Thousands of migrants are arriving in mainland Greece as the government prepares for talks on tackling the huge number of people reaching its shores.
Two ships carrying more than 4,200 people travelled to Piraeus port at night after leaving Lesbos island.
The whole EU is struggling to deal with an unprecedented influx of migrants.
Hundreds of people, mostly from the Middle East, remain stranded outside a railway station in Hungary after police stopped them travelling through the EU.
The EU's border control agency, Frontex, says 23,000 migrants arrived in Greece last week alone- an increase of 50% on the previous week.
More than 160,000 people have arrived in Greece so far this year - already surpassing last year's total.
But in a reminder of the dangers they face, reports on Wednesday said at least 11 migrants, believed to be Syrians, were feared drowned after two boats sank as they left Turkey for the Greek island of Kos.
The country's government says it lacks the resources to look after that many arrivals, but aid groups say authorities should be doing more.
On Tuesday, Greek President Prokopis Pavlopoulos called his French counterpart Francois Hollande and asked that the situation facing Greece be discussed at a senior European level.
Greece's caretaker cabinet is set to convene later on Wednesday.
Many of those arriving in the country do so on the island of Lesbos, where, according to the Kathimerini newspaper, 17,500 migrants were registered in the last week.
One ferry carrying 1,749 migrants travelling from Lesbos arrived in the port of Piraeus, near Athens, late on Tuesday.
One of the passengers, a Syrian teacher named Isham, told Reuters news agency: "You have to help us. We are human."
Another, with close to 2,500 on board, was due to arrive early on Wednesday.
Analysis by BBC's chief correspondent Gavin Hewitt
The migrant crisis has overwhelmed Europe's leaders. There is no plan.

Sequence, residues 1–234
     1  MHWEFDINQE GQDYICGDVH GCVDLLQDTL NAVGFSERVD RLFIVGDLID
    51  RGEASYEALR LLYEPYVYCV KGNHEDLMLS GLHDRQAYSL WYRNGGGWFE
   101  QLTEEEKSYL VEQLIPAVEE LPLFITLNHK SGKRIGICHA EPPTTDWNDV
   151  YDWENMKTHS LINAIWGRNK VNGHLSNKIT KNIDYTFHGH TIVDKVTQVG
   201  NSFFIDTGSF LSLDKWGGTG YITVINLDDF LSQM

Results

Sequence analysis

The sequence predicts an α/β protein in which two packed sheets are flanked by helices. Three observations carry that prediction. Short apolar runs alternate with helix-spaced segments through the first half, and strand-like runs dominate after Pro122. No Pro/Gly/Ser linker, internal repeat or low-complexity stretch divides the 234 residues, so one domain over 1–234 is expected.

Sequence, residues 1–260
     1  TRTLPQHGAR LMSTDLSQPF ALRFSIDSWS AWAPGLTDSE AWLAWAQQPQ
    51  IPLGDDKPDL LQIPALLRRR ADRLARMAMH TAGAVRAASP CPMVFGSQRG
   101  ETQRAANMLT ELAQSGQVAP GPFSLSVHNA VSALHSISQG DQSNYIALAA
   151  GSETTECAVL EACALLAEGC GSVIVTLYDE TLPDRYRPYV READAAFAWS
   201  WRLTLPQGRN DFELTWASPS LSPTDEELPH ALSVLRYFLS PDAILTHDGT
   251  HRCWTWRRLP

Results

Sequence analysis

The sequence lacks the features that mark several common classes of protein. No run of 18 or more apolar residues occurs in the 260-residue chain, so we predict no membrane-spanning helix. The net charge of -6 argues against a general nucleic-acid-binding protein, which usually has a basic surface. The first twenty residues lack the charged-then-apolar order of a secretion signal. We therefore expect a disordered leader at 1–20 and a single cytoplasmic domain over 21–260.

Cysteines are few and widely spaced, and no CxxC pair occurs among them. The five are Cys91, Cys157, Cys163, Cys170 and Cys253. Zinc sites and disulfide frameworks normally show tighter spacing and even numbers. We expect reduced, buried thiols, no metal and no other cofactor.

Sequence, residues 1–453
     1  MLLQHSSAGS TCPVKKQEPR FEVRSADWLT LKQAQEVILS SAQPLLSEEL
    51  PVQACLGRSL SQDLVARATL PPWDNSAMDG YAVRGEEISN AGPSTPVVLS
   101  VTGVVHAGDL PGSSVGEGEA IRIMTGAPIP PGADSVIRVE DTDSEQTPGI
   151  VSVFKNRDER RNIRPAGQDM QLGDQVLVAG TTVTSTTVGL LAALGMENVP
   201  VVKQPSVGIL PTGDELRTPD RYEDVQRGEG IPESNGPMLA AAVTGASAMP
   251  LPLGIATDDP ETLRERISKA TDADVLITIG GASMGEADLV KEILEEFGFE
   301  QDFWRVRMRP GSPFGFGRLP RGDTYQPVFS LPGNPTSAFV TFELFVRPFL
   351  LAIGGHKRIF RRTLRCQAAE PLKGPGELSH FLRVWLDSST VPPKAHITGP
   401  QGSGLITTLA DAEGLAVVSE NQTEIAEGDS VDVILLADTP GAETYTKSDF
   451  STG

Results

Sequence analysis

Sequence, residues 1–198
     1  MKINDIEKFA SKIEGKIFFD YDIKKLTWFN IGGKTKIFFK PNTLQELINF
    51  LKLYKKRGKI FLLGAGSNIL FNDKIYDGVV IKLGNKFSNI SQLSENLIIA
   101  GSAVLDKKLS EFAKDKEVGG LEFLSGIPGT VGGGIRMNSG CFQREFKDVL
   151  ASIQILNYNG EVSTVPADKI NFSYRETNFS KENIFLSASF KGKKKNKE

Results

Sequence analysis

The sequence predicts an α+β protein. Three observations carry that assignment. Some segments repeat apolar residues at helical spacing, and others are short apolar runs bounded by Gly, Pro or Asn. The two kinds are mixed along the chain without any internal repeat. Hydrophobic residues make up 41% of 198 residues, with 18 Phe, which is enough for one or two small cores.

Existing rules for processing people where they arrive have been discarded. Temporary border controls have re-emerged on what are supposed to be passport-free borders. Fences are being strengthened.
There is tension and finger-pointing. One prime minister accused other leaders of "not telling the truth" about the migrants.
What is clear is that the heads of government will face some hugely sensitive decisions that will determine whether an open Europe can survive.
German Chancellor Angela Merkel says the migrant crisis "will challenge us far more than Greece and the stability of the euro".
Under an EU rule known as the Dublin Regulation, refugees should seek asylum in the first EU country they enter. But Italy and Greece - the main landing points - say they cannot cope with the numbers and many migrants head north.
On Monday, Hungary had appeared to abandon efforts to register migrants, allowing huge numbers to board trains at Keleti station in east Budapest and travel to Vienna and southern Germany.
But on Tuesday the Hungarian authorities sealed off the station to migrants, saying it was trying to fufill its obligations as an EU member by upholding border controls.
Overnight, some 2,000 people remained camped outside the station.